Rev'd Ed: Pascal, Hobson & Occam in the same post, not to mention Joe Strummer?? Makes me wonder which seminary contributed to such an intellect.

But back to the topic at hand, we try to recycle everything we can here in Harford County. That means I often ask Boots at Giant in Bel Air for two paper, two plastic and the rest in the bags I brung. I get funny looks from the people behind me, but it keeps all the sorting straight.

Speaking of, er, umm, recycling, I came across this news item regarding the late Dr. Fredric J. Baur, who received a patent for the design of the Pringles container.

Please blog about our petition to get Starbucks to recycle. We need signatures and you can help.

http://www.ipetitions.com/petition/RecycleStarbucks/

Thanks for any assistance:

Joe

Oh, this just cracks me up.

Click through to the petition and you will see that you have the option of being listed as "anonymous" on the petition.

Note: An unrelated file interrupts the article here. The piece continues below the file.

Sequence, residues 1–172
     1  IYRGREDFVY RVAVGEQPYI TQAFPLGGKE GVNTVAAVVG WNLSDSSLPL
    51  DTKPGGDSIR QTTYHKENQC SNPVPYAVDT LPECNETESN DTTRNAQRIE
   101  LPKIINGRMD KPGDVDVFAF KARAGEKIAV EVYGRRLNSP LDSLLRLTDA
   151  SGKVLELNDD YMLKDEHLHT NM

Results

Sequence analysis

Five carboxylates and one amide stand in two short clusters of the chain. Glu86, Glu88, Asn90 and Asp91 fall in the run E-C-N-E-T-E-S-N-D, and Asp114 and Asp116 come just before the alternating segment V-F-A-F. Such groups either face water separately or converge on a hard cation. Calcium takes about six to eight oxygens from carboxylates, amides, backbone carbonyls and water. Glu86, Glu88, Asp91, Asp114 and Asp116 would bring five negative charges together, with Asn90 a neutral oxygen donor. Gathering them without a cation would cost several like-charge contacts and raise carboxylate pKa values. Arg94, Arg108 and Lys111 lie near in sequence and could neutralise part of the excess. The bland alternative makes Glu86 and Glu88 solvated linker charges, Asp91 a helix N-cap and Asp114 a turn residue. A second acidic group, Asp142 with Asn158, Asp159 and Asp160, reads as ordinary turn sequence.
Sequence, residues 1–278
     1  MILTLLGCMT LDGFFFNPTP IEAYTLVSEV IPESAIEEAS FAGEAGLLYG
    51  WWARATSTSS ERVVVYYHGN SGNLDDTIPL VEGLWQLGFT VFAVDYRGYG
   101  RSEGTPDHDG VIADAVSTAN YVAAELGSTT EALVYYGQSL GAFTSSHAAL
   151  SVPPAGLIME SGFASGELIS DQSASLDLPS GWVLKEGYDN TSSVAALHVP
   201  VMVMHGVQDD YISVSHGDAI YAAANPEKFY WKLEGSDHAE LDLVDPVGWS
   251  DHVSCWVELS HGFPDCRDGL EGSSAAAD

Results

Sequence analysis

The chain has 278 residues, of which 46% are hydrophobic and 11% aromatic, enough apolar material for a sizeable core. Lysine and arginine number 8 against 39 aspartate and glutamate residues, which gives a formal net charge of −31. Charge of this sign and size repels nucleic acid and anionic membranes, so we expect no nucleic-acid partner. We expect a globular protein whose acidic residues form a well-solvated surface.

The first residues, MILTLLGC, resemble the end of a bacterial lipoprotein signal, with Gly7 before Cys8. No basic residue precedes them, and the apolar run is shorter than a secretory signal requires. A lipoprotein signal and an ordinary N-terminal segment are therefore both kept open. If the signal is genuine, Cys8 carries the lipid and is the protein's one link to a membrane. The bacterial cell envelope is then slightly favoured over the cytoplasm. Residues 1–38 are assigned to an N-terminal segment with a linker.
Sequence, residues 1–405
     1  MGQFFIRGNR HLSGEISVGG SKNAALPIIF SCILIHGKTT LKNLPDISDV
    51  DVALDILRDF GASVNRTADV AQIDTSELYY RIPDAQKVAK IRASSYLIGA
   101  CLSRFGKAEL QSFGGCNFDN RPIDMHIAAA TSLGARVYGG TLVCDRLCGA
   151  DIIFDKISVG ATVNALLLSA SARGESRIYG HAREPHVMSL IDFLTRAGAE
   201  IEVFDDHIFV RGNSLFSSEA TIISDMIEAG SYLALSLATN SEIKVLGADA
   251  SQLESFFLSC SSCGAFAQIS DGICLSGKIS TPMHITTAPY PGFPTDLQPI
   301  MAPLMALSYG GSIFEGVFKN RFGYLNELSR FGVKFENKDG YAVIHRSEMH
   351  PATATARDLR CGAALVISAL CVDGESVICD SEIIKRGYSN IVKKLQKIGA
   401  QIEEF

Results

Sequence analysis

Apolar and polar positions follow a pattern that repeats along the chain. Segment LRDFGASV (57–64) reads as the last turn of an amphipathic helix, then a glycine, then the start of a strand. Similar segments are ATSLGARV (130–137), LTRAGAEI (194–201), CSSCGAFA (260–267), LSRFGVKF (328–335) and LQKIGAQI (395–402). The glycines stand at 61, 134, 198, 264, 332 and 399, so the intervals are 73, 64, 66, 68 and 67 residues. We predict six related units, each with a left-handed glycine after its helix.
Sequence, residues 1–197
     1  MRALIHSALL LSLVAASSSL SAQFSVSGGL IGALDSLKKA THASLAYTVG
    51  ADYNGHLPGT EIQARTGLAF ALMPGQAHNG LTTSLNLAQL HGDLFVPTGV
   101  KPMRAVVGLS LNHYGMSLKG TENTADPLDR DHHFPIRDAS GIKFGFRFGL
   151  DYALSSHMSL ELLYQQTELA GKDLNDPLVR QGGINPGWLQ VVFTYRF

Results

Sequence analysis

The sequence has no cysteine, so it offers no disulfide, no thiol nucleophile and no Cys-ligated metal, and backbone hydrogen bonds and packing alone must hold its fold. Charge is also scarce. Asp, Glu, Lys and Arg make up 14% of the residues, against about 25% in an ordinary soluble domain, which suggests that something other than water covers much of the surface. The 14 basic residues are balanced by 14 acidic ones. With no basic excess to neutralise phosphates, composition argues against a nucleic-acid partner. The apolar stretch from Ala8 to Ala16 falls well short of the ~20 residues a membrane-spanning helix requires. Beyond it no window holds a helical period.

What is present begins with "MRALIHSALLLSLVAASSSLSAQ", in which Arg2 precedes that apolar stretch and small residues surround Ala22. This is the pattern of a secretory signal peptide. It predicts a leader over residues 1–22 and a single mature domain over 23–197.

What the hell?

This dude is going to deliver a petition to Starbucks that has thousands--maybe tens of thousands--of "anonymous" signers on it? And he expects to be taken seriously by the folks at Starbucks?

Puh-leeeze.

Why do I think this is probably just a scam to build an e-mailing list? (Note that there is an already-checked-box reqesting that you be added to iPetitions' mailing list.)

Hello Bucky,

This is legit. The anonymous is just on the web view. I can see everyone's name and when it is printed the names will appear as well.

Feel free to uncheck the ipetitions box, I did.